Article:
# Calorimetry ```Physics 12
Objectives
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Define specific heat capacity.
Solve problems involving specific heat
capacities.
Explain the difference between solid, liquid,
and gaseous phases.
Explain in terms of molecular behavior why
temperature does not change during a phase
change.
Define latent heat.
Solve problems involving latent heats.
Activities
Worksheet
 Lab demonstration: Determining the
specific heat capacity of a substance
 Lab demonstration: Determining the
latent heat of a substance
 Design lab: Design a homemade
calorimeter and test it

Specific heat capacity

If heat flows into an object, its
temperature rises.

What factors might affect the magnitude
of the temperature change?
Specific heat capacity

The amount of energy Q required to change
the temperature of a given material is
proportional to the mass m of the material
and to the temperature change ΔT, shown by
the simplistic expression:
Q = mc ΔT
where c is the characteristic of the material
called its specific heat capacity
Specific heat capacity

A high specific heat capacity means that
more energy is required to achieve the
same temperature change, i.e. it is more
“difficult” to raise the temperature of that
material.

If a material is a good heat conductor (e.g.
metals) would you expect it to have a high
or low specific heat capacity?
Specific heat capacity
Specific heat capacities of specific substances
Substance
Specific heat capacity, c / Jkg1&deg;C-1
aluminum
900
copper
390
iron or steel
450
130
wood
1700
water (ice)
2100
water (liquid)
4186
water (steam)
2010
human body
(average)
3470
Specific heat capacity
Q/J
m / kg
c / Jkg-1C-1
?
?
constant
increased
?
increased
constant
increased
constant
constant
constant
constant
constant
constant
increased
ΔT / &deg;C or
&deg;K
constant
increased
?
?
constant
Specific heat capacity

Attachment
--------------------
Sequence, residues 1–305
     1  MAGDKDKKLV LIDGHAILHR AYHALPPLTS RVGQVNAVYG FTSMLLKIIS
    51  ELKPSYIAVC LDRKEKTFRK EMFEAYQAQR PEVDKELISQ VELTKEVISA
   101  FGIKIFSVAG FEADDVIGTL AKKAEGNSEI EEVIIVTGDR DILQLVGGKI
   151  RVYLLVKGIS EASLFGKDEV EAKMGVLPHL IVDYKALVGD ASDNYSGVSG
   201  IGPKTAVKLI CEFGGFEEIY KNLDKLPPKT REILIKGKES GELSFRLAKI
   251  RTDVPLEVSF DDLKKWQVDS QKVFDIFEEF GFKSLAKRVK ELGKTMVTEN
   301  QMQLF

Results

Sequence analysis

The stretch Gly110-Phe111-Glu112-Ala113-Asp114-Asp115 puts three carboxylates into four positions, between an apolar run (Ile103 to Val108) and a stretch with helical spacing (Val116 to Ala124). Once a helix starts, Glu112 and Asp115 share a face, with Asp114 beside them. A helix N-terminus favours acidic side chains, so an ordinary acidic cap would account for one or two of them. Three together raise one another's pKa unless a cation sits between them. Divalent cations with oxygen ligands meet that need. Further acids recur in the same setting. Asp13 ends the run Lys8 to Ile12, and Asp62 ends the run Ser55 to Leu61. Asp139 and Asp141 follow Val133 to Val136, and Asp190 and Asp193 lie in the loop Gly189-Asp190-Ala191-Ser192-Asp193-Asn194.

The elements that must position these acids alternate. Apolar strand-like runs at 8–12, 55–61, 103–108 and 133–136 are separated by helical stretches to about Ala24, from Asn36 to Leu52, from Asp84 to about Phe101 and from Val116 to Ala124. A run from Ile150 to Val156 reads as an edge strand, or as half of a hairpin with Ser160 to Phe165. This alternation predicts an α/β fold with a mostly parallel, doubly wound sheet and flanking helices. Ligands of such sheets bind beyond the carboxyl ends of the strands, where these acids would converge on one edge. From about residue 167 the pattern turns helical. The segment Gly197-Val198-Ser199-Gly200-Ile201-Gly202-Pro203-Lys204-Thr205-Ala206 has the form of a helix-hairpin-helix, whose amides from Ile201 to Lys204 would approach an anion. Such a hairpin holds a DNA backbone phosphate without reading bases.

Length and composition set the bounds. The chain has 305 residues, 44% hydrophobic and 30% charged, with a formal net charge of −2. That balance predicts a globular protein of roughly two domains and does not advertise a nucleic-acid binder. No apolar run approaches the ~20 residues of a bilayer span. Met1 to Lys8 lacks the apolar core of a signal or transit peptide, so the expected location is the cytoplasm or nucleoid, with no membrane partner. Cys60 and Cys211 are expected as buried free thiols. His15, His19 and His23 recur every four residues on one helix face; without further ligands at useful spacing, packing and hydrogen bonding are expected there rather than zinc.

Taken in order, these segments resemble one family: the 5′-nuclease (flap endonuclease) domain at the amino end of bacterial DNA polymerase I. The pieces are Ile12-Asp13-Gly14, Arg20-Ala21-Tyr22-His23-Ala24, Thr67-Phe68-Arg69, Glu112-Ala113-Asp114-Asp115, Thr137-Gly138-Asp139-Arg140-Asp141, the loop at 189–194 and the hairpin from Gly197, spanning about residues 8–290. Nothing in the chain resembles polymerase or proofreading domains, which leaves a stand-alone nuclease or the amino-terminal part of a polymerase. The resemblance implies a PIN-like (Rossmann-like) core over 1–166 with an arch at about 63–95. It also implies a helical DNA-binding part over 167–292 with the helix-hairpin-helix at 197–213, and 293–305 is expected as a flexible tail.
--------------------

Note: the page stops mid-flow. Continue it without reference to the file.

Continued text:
(a)
How much heat input is needed to raise
the temperature of an empty 20-kg vat
made of iron from 10C to 90C?
(b)
What if the vat is filled with 20 kg of
water?
Specific heat capacity
(a)
(b)
720 kJ
7400 kJ
Specific heat capacity
You accidentally let an empty iron frying pan
get very hot on the stove (approx. 200C).
What happens when you dunk it into a few
inches of cool water in the bottom of the
sink?
Will the final temperature be midway between
the initial temperatures of the water and
pan? Will the water start boiling?
(Assume the mass of the water is roughly the
same as the mass of the pan.)
Calorimetry
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In discussing heat and thermodynamics,
we shall often refer to systems.
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What is the difference between open,
closed, and isolated systems?
Calorimetry
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Open system
Mass and energy may leave and enter
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Closed system
Energy may leave and enter but mass may not
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Isolated system
Neither mass nor energy may leave or enter
Calorimetry
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We will often make the assumption that
the systems we are dealing with are
isolated.
Why is this necessary?
Calorimetry

In an isolated system, heat lost by one part of
the system is equal to the heat gained by
another part:
heat lost = heat gained
or
energy out of one part = energy into another
part
Calorimetry
If 200 cm3 of tea at 95C is poured into a 150g glass cup initially at 25C, what will be
the common final temperature T of the tea
and cup when thermal equilibrium is
reached, assuming no heat flows to the
surroundings?
Calorimetry
T = 86C
Would this be the case in the “real world”?
Calorimetry
The exchange of energy (as shown in the
previous example) is the basis for the
technique known as calorimetry.
 Calorimetry is the quantitative
measurement of heat exchange.
 A calorimeter is used.
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Calorimetry
A simple water calorimeter
Calorimetry
An engineer wishes to determine the
specific heat of a new metal alloy. A 0.150kg sample of the alloy is heated to 540C. It
is then quickly placed in 400 g of water at
10.0C, which is contained in a 200-g
aluminum calorimeter cup. The final
temperature of the system is 30.5C.